Gulf Coast

Gulf Coast

A transformation has taken place at U.S. ports along Gulf of Mexico. Those devastated by Hurricane Katrina in 2005 were forced to rebuild. Gulfport’s work is not yet finished. The Great Recession further impacted the region’s economy. The new bigger locks the Panama Canal offer hope for a resurgence of shipping activity along the U.S. Gulf Coast as ports gear up for new trade from Asia. While some ports are building container volumes in north-south trade and on routes to and from Europe, the Mediterranean, Mideast and Africa, others are targeting growth in breakbulk cargoes, and one port — Corpus Christi — is poised to see explosive growth in energy-based exports. With billions of dollars of agriculture products, pharmaceuticals and manufactured goods crossing the U.S. border with Mexico each year, logistics companies and railroads are looking at ways to ease and expand the flow of trade with the U.S.’s southern neighbor. This page includes information about the ports along the U.S. Gulf Coast, the region’s infrastructure projects, its trade and company supply chains.

Special Coverage

It’s a boom time at U.S. Gulf ports for imports of steel and project cargoes. From Florida to Texas, the region’s ports are enjoying a second year of increased import volumes, driven by a strong dollar and U.S. economic growth.

News & Analysis

23 Nov 2015
In 2004, Gary LaGrange set an ambitious goal: Within a decade, the CEO of the Port of New Orleans wanted the port to handle more than 500,000 20-foot-equivalent container units a year. Despite Hurricane Katrina and the Great Recession, New Orleans met that goal.
21 Nov 2015
The Port of Mobile is expanding terminal capacity and building an adjacent $36 million intermodal container transfer facility. The projects, set for completion in 2016, will increase its terminal’s 350,000-TEU capacity to 475,000 TEUs.
05 Nov 2015
The contract negotiation process between the International Longshoremen’s Association on the East and Gulf coasts and management is on firm footing and in need of no change, according to Tom Simmers, executive president of United States Maritime Alliance.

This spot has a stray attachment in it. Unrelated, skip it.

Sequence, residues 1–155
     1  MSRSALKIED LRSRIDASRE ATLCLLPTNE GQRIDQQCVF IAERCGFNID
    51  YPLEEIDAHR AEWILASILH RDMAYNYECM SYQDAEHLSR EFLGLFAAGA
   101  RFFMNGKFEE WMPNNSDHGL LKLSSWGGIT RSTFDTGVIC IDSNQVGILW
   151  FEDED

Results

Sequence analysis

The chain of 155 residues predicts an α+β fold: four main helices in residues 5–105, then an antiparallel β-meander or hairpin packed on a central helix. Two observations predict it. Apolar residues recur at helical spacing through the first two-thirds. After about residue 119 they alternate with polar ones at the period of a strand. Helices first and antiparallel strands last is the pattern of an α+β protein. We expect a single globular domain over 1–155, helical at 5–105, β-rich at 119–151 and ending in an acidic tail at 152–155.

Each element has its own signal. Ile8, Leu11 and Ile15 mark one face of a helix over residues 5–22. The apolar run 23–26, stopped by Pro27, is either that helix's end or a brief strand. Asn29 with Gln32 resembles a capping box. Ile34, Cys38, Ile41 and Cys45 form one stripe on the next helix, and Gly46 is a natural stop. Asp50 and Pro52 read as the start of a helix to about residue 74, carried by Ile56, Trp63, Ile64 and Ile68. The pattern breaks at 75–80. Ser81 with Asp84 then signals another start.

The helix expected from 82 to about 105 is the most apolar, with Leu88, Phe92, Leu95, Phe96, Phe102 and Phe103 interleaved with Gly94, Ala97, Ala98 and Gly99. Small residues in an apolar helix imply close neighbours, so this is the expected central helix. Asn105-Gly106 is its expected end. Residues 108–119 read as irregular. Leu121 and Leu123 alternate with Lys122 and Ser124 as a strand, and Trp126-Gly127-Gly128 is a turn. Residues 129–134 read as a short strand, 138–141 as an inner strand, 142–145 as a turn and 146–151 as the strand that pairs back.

29 Oct 2015
A senior leader of the International Longshoreman’s Association expressed optimism on Wednesday over a multiyear contract extension with East and Gulf Coast employers but said it won’t happen by the end of the year.
16 Sep 2015
Officials of the International Longshoremen’s Association and United States Maritime Alliance said they’re committed to trying to work out East and Gulf coast port labor contract that would extend to 2025.
trucks line up at gates at Oakland port
25 Aug 2015
The Port of Oakland’s announcement last week that it intends to open its terminal gates an extra day each week demonstrates two hard, cold facts about U.S. port operations in this era of big ships. The traditional menu of five weekday gates each week is no longer adequate to handle today’s cargo volumes, but extra gates cost money, and someone — often the shipper — has to pick up the tab.


The International Longshoremen's Association, in opening the door to the possibility of a long-term contract, certainly is looking to capitalize on the congestion and raw memories of the recent past that have put West Coast ports in shipper crosshairs. The ILA, indeed, is preying on that shipper sentiment, and the soon-to-open expanded Panama Canal that could shift more cargo from West Coast to East Coast. And who can blame it? That’s business.


Roger Guenther, executive director, Port of Houston Authority, discusses trade lane growth, specifically with Asia and South America, the renaissance in the energy sector, and planning for future expansions at the port.